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Adventure in the Hopfields

From Wikipedia, the free encyclopedia

Adventure in the Hopfields
Directed byJohn Guillermin
Produced byRoger Proudlock
Written byJohn Cresswell
Based onthe novel The Hop Dog by Nora Lavrin
& Molly Thorp[1]
StarringMandy Miller
Music byRonald Binge
Philip Martell (musical director)
CinematographyKen Talbot
Edited bySam Simmonds
Distributed byCFF
Release date
Running time
60 minutes
CountryUnited Kingdom

Adventure in the Hopfields is a 1954 British children's film directed by John Guillermin and starring Mandy Miller.[2] It was made for the Children's Film Foundation.[3] Location filming took place in and around Goudhurst in Kent.[4]


After accidentally smashing her mother's prized china dog, little London girl Jenny (Mandy Miller) leaves her mother a note and sets off from home to make the money to buy a new one by travelling with the family of her friend, Susie Harris, as they set off to go hop picking in Kent.

At the station, Jenny joins the special hop-pickers' train to Goudhurst in Kent, but after failing to join up with the Harris family, she is invited to join Sam Hines and his family. After the first day of hop picking, Sam takes her with him to an antiques shop in Goudhurst where she sees a china dog just like her mother's. Sam lends her the money to buy it.

Meanwhile, when Jenny's attempt to send a letter to her parents telling them where she is fails to reach them, her parents report her as missing to the police. When they eventually track her down at the hop-pickers' camp, her parents set out to go to her.

They arrive during a hop wedding, when all are distracted, and the dog is stolen by two local children - the Reilly boys - untidy Artful Dodger style characters who disparagingly call the hop-pickers "hoppers". Jenny chases after the two boys into an old windmill, but they trick her and seal her in the upper area by taking away the ladder. When lightning strikes the old mill and it catches fire, the Reilly boys run off, but when Pat Reilly sees the mill on fire he returns to help Jenny escape, but she leaves the china dog inside. Ned re-enters the burning mill to rescue the dog and returns it to Jenny, but she doesn't even say "Thank you", so he grabs the hose from the fire engine which has attended to extinguish the fire and squirts water over Jenny and her parents and friends.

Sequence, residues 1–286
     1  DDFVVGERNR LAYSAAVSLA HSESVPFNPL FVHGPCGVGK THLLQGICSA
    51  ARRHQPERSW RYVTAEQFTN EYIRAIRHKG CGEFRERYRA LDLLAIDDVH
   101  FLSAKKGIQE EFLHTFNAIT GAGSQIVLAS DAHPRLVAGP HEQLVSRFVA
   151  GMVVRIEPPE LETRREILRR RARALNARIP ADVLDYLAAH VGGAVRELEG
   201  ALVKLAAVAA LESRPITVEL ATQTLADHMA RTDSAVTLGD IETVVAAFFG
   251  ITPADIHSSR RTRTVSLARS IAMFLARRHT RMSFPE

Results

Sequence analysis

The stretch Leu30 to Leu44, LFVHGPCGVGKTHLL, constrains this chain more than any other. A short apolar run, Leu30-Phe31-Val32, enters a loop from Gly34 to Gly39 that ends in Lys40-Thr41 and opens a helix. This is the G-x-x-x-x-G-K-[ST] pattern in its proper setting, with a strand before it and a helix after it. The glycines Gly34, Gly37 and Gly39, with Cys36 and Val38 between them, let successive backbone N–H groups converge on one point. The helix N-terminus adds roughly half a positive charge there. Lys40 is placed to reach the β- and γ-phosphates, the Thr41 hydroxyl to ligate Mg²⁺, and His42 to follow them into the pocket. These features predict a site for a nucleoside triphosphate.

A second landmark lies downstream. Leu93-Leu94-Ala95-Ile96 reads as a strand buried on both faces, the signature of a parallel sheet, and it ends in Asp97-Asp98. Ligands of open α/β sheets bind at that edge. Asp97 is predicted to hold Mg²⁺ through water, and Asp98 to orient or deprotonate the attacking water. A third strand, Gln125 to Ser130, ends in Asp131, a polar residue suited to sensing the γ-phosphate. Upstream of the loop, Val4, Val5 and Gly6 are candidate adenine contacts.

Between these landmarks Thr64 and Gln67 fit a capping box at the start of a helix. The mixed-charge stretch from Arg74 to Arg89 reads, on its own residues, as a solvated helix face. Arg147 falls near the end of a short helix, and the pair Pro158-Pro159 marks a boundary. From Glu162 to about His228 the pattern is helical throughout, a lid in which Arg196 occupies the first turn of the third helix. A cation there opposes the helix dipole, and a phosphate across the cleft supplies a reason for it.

It was based on a novel The Hop Dog published in 1952.[5]

Critical reception

The Monthly Film Bulletin said "the production is modest, but the sets are good and the locations well chosen... rates with Johnny on the Run as one of the most successful of CFF's productions to date."[6]

TV Guide gave the film two out of four stars, noting "An above average children's film, with believable characters and story."[7] The Radio Times rated it two out of five stars, writing, "In days of yore, the poor folk of South London flocked to Kent and went hop-picking...this exciting tale offers bullying, theft and a climactic lightning storm. A little piece of British social history from the future director of The Towering Inferno."[8]

Filmink called it " a decent, brisk, efficient movie...No one seems to bat an eye as she [Miller] gets on a train and then goes to work – what was the labor market like in 1954 England?"[9]


In 2002, a copy of Adventure in the Hopfields was discovered in a rubbish bin in Chicago, United States, and subsequently purchased by film buff Barry Littlechild for $35. The film was screened at the village hall in Goudhurst, near the filming locations, on 8 March 2002.[10][11]


  1. ^ Goble, Alan (1 January 1999). The Complete Index to Literary Sources in Film. Walter de Gruyter. ISBN 9783110951943 – via Google Books.
  2. ^ "Adventure in the Hopfields (1954)".
  3. ^ Moore, By David Sapsted and Malcolm. "Hop garden film was picked from the rubbish bin".
  4. ^ "Adventure in the Hopfields (Children's Film Foundation)". Reelstreets. Retrieved 1 April 2021.
  5. ^ "JUNIOR BOOKSHELF BERYL GREY Ballerina". The Age (30, 424). Victoria, Australia. 1 November 1952. p. 14. Retrieved 18 September 2020 – via National Library of Australia.
  6. ^ ADVENTURE IN THE HOPFIELDS Monthly Film Bulletin; London Vol. 21, Iss. 240, (Jan 1, 1954): 83.
  7. ^ "Adventure In The Hopfields".
  8. ^ "Adventure in the Hopfields". RadioTimes.
  9. ^ Vagg, Stephen (17 November 2020). "John Guillermin: Action Man". Filmink.
  10. ^ "Lost Asher film returns home" BBC News, March 8, 2002. Accessed 27 April 2019.
  11. ^ Jane Asher's Lost Film Saved from Rubbish Author: David Sapsted and Malcolm Moore Date: Monday, Feb. 25, 2002 Publication: The Daily Telegraph (London, England) Issue: 45629 p 10

External links

This page was last edited on 1 April 2021, at 23:11
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